Go to the Globe and Mail homepage

Jump to main navigationJump to main content

A royal supporter and an onlooker laugh as they stand opposite the Lindo Wing of St Mary's Hospital, where Britain's Catherine, Duchess of Cambridge is due to give birth, in London on July 19, 2013. (SUZANNE PLUNKETT/REUTERS)
A royal supporter and an onlooker laugh as they stand opposite the Lindo Wing of St Mary's Hospital, where Britain's Catherine, Duchess of Cambridge is due to give birth, in London on July 19, 2013. (SUZANNE PLUNKETT/REUTERS)

The ‘Great Kate Wait’: Hospital door is now London’s hottest tourist attraction Add to ...

Katie Pick had been following every story on the Duchess of Cambridge’s pregnancy for weeks and on Sunday she decided to head to St. Mary’s Hospital on the off chance this would be the day the baby arrived.

“I love the Royal Family,” Ms. Pick said as she stared at the front door of the hospital’s private Lindo Wing, where the Duchess is expected to deliver her baby any day. “I had to come here. I just thought, maybe today.”

More Related to this Story

The drab, brown-brick Lindo Wing with its plain front door has become London’s hottest tourist attraction in recent days as the birth of the royal baby draws ever close, with a steady stream of curiosity seekers, royal family fanatics and a couple of protesters joining the large media crowd stationed outside the building.

“Amazing,” a tourist from Poland said in halting English as he took a picture of the rows of photographers and television crews. “Big show,” said his daughter.

Not long after they left, five sisters from Durham, England, jumped out of a cab, put on their sunglasses and posed for pictures in front of the doorway. The sisters took off just as quickly and were followed by a woman who insisted on taking a picture of her two small dogs decked out in Union Jacks. The dogs dutifully posed for several minutes in the hot sun as media from around the world filmed them as if they were celebrities.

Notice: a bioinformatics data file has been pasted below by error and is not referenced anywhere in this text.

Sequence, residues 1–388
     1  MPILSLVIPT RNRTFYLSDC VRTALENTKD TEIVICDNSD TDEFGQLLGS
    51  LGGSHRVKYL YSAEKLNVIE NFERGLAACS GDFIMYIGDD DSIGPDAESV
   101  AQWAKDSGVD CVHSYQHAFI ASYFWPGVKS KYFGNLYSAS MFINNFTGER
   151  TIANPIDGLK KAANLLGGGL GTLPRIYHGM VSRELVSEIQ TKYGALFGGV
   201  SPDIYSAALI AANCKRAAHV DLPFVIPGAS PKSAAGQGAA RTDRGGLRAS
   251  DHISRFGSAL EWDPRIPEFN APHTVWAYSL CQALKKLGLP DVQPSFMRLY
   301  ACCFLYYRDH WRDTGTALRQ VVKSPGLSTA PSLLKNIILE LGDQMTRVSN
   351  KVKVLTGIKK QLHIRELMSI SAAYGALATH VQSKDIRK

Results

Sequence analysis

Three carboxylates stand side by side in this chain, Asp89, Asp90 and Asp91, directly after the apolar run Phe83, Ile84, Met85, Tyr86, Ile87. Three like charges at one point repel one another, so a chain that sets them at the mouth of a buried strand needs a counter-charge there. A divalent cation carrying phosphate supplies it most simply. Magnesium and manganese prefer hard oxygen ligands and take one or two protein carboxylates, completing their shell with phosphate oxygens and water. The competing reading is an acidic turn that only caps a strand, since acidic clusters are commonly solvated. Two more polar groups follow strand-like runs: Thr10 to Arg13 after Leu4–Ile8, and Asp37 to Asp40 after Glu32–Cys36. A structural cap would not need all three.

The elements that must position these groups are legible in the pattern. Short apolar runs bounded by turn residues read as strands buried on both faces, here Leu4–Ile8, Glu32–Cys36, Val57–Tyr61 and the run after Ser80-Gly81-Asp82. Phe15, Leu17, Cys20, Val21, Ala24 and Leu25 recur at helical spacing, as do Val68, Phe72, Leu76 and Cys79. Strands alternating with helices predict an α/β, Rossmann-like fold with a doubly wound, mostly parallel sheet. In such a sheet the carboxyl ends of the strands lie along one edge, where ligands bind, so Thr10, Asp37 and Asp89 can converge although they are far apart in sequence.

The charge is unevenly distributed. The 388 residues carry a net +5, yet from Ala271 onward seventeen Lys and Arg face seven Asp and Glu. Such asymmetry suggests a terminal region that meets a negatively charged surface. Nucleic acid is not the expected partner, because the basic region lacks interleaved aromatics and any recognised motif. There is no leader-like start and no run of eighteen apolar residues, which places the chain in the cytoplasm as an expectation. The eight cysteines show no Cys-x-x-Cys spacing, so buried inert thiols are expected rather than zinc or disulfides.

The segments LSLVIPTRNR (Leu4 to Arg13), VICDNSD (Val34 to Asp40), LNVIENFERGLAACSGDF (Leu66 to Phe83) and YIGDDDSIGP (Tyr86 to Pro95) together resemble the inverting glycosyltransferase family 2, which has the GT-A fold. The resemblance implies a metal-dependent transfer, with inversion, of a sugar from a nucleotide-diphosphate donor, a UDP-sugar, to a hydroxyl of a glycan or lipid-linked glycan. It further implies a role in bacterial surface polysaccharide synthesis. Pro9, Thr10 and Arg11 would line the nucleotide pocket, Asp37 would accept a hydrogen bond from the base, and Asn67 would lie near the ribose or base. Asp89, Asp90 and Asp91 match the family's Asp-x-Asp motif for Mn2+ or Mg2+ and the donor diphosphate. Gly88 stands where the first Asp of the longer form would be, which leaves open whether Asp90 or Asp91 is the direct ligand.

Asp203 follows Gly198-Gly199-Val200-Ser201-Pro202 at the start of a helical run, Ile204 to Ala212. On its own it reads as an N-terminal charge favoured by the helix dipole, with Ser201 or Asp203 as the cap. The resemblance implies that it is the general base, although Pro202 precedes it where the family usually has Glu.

On the sidewalk across the street Terry Hutt, 78, has been camped out on a bench for nearly two weeks, dressed largely in Union Jack clothing and sporting hand-made signs of congratulations for the royal couple. Next to him Margaret Tyler, a diehard royalist, sat on another bench holding a clutch of pink and blue balloons that say “It’s a Boy” or “It’s a Girl.” Just down from her John Loughrey has pitched a small tent and plans to stay put until the baby arrives. As Mr. Loughrey stood for yet another photo on Sunday, two women protesting forced adoptions by British social welfare agencies strolled by in bright yellow T-shirts blaring slogans. They each had a cigarette and left.

The spectacle brought a smile to the face of Lori Sutton, who is from Jacksonville, Fla., and is on a two-week visit to London with her husband Jim. They stood for a while outside the Lindo Wing snapping pictures of Mr. Hutt and the throng of photographers.

Ms. Sutton said they came to the hospital largely at the behest of their daughter, Amanda Ruffin, who is back home in Orlando and is expecting her first baby in November. Ms. Ruffin has become enthralled by the royal birth and is following every update on U.S. television. “She is about the same age as Kate,” explained Ms. Sutton. “So we can kind of relate.” Mr. Sutton seemed bemused by all the media attention and hype surrounding the pending birth. “I actually thought it would be busier,” he said looking at the multitude of TV crews.

For those who can’t make it to the Lindo Wing two British newspapers – the Daily Telegraph and the Sun – are live-streaming a shot of the front door on their websites. Although it can be pretty dull viewing, The Sun said its “Royal Baby Monitor” attracted 150,000 viewers in its first 24 hours.

With so little happening, it’s hard to understand why so many people have decided to make the trek to the ordinary-looking building in the midst of the busy St. Mary’s hospital complex, which remains in full operation. “I guess it’s because everyone can relate to [the Duke and Duchess of Cambridge],” said Nina Tetra, who joined Ms. Pick outside the hospital. “They are in touch with England today. They are in tune with our generation.”

Follow on Twitter: @PwaldieGLOBE

 

In the know

Most popular videos »

Highlights

More from The Globe and Mail

Most popular